I’m just sick of American style shows. It’s refreshing to see a different approach.
I love both the american and brit version of the office.. but i’ve always been a bit of a brit-o-phile myself…
You know, I have to respectfully disagree with the overall Brit vs. American television debate. They are two entirely separate things reflecting the tastes of their respective audiences. I don’t think one is better than the other. I’ve never seen the BBC version of Kitchen Nightmares, although it sounds enjoyable. But I don’t have a problem with the American version. He’s dealing with Americans, so the problems (and therefore, the solutions) are going to be different. I find his behavior on the American versions varies considerably depending on the situation he is given.
I have to point out, however, that just because something is on BBC doesn’t mean it’s better than the American version. A friend of mine sent me the first season of the Office (BBC version), and I found it unwatchable – largely because I didn’t understand half of what was being said (and it was more the slang than the accents). Whereas the American version of the Office is one of the funniest programs I’ve seen in years.
I realize it’s popular to bash American television, but we export a great deal of our programming and tend to import ideas rather than programs, so we must be doing something right.
Climbing down off of my soapbox now….
I’m a closet Little Britain fan as well… who couldn’t love Anne or Emily (because she IS a lady you know) 😉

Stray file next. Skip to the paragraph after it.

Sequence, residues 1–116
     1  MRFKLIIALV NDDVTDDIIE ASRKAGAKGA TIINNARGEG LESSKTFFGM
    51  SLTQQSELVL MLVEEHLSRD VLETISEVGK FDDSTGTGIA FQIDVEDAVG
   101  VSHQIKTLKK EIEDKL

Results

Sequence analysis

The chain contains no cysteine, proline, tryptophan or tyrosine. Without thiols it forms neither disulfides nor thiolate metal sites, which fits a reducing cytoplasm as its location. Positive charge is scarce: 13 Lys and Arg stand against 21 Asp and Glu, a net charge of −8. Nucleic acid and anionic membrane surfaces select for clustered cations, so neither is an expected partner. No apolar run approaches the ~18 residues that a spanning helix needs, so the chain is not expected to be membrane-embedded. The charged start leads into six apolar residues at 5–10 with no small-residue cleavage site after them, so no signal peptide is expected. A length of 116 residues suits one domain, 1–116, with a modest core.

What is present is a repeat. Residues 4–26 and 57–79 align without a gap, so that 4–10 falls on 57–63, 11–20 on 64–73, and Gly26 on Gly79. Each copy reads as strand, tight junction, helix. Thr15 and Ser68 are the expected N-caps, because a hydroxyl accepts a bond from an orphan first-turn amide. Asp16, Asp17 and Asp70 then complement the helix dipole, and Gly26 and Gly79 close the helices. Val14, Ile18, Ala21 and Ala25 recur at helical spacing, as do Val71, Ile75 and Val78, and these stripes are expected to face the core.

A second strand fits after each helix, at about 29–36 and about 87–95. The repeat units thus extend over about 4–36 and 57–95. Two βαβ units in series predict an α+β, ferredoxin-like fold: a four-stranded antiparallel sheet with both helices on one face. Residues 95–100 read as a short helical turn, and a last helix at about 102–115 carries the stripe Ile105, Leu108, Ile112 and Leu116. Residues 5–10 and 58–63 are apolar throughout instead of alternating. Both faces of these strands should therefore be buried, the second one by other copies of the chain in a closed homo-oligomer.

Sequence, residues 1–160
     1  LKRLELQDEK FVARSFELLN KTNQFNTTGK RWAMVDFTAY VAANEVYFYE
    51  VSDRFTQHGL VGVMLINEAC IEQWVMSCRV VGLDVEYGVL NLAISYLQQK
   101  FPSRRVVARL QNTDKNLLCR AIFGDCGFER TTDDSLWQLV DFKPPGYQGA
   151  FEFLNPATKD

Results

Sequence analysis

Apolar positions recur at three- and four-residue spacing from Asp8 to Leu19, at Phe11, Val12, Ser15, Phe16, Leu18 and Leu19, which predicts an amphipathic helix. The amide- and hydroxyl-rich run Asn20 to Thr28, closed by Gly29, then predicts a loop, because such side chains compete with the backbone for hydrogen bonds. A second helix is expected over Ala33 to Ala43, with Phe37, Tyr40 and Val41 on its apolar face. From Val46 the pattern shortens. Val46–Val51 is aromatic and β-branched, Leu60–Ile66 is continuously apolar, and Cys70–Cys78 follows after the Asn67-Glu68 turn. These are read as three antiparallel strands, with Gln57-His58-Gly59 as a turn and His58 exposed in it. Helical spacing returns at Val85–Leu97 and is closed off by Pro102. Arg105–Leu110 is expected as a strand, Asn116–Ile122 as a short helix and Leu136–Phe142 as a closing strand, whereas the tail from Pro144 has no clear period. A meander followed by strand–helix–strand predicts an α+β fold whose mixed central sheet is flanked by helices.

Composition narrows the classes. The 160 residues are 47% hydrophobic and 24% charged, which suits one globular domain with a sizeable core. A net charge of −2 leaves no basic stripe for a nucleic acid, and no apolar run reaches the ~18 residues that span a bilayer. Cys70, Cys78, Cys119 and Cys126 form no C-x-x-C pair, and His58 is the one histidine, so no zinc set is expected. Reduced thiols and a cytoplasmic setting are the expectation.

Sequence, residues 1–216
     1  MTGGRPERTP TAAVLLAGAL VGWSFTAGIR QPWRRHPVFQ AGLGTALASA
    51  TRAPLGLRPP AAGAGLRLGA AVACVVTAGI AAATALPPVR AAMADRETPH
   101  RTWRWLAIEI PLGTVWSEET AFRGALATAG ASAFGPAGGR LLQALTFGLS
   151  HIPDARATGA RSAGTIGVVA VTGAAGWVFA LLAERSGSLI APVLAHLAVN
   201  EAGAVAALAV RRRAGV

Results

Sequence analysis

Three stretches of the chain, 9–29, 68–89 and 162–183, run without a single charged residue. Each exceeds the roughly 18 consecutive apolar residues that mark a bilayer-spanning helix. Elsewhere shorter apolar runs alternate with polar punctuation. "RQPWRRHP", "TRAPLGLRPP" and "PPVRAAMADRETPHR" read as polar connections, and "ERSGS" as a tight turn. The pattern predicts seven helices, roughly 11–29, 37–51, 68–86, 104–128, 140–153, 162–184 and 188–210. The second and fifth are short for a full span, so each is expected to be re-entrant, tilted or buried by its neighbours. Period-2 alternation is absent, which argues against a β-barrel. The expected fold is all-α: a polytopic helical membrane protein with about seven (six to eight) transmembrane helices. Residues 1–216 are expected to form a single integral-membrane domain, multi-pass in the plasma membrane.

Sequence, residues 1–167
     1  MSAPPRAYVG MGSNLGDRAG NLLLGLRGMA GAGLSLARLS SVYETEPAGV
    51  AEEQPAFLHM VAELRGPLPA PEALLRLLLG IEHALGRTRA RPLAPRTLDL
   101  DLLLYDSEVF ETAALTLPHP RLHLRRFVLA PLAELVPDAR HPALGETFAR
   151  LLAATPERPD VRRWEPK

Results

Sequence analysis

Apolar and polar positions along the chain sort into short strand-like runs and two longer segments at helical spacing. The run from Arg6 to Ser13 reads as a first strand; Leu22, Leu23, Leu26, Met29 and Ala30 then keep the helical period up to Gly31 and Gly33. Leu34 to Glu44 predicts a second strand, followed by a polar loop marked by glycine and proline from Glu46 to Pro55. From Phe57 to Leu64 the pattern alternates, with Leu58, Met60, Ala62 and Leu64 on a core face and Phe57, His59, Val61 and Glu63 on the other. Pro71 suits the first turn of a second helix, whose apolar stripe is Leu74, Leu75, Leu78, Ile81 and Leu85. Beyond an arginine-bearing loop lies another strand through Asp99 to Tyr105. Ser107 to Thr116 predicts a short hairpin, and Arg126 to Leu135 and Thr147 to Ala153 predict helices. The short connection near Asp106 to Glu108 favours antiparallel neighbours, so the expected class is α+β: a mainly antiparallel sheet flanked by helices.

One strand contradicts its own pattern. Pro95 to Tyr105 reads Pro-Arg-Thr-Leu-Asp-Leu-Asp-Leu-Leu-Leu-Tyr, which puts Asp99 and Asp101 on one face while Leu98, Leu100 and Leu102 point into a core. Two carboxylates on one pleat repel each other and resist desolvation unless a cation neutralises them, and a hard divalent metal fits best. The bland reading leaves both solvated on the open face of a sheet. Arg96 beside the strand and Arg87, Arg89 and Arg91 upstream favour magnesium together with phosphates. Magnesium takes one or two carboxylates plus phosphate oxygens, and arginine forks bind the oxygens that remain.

Nor was it meant to be!
Well, not everything. I wouldn’t call Little Britain refined. Funny as hell? LMAO funny as hell. But not refined.
Everything that comes from England is more refined in so many ways. Face it BBC has much more style in their pinkie than Fox ever has. English manners are so much different from us crass Americans.
I have seen Gordon in a just a few episodes of both versions, so I can’t tell exactly if there is a difference. I will say that one episode on the Fox show had him at a place called Sebastions in L.A.
The owner/chef was a egotistical piece of work and definitely needed a serious bit of chewing out, and in the long run, there were still doubts as to whether any of it sunk in at the close of the show.
I liked the episode on Dillon’s, a place in Manhattan. I think that they benefited from his help and I would like to see this place, even though I am not a fan (or that knowledgable) of Indian cuisine.
What I do like about both versions is when he does realize the potential of good cooks and employees. I find that he is very encouraging.
I did think about posting this topic in the Professionals forum as there is much that we can see that we have experienced or at least see in ourselves and learn from the show.
I guess the part that I like the best is when they transform the restaurant and especially the kitchen. I become envious when I see a newly upgraded and funtioning kitchen.
I work in a great restaurant. We are quite busy. The last couple of days we have been slammed to a degree that orders became backed up and the waitrons became frustrated. I am sure that this was due to customer wait times.